Showing posts with label boys. Show all posts
Showing posts with label boys. Show all posts

16 November 2023

What's the Problem with Young Men?

In case you haven't noticed, there have been a heck of a lot of stories over the last year about the Crisis With Young Men and the Crisis of Masculinity in almost every news outlet.

And there is a crisis. Men do 90%+ of the mass shootings. They're lonely and isolated, and are falling behind at higher education. More women go to college and university now than men do.

MY NOTE: Although, whenever people go hog wild on that one, I remind them that a large chunk of that is in the health care field, where an RN, an LPN, a PA, radiologist, various technical jobs, etc., all require a college degree of one kind or another, and most of them are considered "female" jobs. (Probably because they involve nurturing and icky stuff and are considered "subordinant" jobs.) Also, there are still a lot more blue-collar jobs that can pay well (plumbing, construction, electricians, factory work) that are still primarily male preserves. So I don't think women are actually pushing men out of slots in colleges, although I could be wrong.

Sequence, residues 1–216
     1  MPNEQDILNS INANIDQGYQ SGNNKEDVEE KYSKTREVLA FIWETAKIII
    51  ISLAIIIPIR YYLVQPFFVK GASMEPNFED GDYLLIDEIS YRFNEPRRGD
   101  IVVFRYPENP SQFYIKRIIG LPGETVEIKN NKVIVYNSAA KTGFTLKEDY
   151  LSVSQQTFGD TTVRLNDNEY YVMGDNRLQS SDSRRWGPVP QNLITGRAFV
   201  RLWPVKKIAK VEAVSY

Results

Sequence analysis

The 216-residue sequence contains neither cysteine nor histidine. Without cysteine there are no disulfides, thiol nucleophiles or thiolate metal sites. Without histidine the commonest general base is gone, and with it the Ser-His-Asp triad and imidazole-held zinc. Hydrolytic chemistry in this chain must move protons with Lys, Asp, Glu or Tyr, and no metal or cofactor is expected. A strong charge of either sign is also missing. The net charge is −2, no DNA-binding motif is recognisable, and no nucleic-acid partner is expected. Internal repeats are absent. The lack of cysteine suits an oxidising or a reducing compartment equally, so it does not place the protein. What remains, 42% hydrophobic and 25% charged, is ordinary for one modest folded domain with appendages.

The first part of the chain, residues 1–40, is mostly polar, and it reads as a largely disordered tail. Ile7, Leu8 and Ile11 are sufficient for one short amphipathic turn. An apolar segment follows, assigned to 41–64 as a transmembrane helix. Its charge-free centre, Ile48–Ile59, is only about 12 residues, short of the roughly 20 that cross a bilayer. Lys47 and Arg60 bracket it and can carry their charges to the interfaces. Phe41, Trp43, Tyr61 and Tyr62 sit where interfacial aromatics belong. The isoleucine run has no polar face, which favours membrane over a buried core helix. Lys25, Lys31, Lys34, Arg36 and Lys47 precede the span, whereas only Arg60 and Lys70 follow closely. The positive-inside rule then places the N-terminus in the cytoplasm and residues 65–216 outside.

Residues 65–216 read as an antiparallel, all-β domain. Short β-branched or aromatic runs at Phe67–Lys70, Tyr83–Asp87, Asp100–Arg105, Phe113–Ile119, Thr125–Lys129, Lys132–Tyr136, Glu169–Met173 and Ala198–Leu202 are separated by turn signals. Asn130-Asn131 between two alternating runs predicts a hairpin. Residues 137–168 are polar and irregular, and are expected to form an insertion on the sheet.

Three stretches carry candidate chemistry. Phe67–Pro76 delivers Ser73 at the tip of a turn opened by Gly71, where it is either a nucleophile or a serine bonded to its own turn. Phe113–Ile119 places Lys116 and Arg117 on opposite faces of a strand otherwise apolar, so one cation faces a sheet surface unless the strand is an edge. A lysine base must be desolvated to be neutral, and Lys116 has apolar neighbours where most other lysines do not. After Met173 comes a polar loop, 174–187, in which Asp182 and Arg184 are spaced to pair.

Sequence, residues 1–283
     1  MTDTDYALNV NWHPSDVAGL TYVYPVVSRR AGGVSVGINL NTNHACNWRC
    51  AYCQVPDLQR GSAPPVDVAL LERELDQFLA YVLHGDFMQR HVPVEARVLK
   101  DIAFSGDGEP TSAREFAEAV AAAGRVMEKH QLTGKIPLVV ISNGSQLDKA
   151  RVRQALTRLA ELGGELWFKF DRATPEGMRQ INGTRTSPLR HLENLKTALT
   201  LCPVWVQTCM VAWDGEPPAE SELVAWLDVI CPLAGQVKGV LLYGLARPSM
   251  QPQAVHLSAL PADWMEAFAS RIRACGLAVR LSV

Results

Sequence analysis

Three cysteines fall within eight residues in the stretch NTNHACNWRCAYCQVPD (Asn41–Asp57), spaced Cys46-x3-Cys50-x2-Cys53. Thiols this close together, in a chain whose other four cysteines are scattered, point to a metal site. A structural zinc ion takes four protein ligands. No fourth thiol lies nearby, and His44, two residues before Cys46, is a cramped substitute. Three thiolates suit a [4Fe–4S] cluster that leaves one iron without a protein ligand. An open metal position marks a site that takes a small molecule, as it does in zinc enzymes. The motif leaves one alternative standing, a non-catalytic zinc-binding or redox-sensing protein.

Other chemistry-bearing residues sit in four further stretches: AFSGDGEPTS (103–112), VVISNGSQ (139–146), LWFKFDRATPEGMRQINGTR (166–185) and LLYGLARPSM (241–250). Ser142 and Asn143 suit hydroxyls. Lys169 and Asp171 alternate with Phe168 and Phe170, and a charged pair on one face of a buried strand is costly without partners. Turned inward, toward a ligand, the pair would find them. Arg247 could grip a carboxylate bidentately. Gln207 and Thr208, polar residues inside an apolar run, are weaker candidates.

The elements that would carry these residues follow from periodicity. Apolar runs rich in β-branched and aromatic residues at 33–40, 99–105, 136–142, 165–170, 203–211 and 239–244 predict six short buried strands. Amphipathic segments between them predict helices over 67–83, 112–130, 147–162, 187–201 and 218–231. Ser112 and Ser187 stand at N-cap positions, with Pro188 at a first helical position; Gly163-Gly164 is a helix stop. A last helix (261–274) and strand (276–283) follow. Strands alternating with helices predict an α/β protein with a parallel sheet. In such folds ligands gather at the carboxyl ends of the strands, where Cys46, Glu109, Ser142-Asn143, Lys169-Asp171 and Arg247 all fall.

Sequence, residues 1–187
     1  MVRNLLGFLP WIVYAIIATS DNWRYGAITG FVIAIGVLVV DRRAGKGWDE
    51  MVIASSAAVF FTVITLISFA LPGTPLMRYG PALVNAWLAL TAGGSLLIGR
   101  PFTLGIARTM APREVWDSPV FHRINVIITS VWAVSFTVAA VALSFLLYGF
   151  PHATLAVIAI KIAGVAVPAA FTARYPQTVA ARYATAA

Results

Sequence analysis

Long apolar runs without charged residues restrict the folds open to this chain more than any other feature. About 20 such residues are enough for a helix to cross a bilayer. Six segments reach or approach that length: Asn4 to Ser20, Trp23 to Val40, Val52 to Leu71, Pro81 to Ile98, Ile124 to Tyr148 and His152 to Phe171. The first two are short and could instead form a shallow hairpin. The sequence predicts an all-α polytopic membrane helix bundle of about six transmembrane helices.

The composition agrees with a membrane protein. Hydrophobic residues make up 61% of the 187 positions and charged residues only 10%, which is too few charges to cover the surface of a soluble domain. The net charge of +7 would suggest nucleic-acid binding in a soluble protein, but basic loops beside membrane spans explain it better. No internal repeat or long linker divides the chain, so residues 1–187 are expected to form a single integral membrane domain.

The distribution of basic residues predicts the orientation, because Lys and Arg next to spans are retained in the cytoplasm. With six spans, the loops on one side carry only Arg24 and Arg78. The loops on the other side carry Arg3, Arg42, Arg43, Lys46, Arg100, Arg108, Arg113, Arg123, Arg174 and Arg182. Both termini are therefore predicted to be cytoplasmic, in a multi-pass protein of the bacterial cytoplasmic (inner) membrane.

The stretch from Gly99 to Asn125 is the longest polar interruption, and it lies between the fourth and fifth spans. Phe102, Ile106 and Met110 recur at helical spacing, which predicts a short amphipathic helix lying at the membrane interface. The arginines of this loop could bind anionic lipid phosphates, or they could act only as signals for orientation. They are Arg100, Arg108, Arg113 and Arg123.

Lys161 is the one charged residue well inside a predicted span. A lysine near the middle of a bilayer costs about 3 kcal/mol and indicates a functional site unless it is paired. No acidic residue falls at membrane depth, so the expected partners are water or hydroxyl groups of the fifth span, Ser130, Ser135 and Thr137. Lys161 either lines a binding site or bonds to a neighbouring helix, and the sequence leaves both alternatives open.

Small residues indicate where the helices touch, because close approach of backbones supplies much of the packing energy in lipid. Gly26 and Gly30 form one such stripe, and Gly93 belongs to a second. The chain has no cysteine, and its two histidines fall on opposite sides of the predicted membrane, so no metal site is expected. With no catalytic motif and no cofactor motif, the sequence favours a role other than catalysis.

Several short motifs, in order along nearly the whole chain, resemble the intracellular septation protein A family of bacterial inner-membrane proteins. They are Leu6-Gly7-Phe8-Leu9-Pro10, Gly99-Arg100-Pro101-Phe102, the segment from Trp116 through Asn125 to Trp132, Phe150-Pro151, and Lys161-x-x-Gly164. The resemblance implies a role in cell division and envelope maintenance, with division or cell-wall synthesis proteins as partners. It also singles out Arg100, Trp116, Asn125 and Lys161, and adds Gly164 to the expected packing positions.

Also, they complain that most young men are single, and deciding to stay that way. Well, people have been having fits about that since the dawn of time. The general assumption throughout history has been that women want to get married, and men don't, and have to be lured / tricked / seduced into it. See Shakespeare's "All's Well That Ends Well", most 1950s rom-coms (especially the Doris Day/Rock Hudson ones), most Westerns (it's always the "real" men, like Shane or whoever John Wayne's playing, who are never married). Also innumerable movies and plays (Rosemary and Howard in "Picnic", Vida Sherwin in "Main Street", who marries the obviously gay man, because he's the only one who will have her) where women chase after even the least eligible bachelor and beg him to marry them. So since women need and want so desperately to get married, why don't they settle and take whatever they can get? Marriage will fix everything! Even that guy!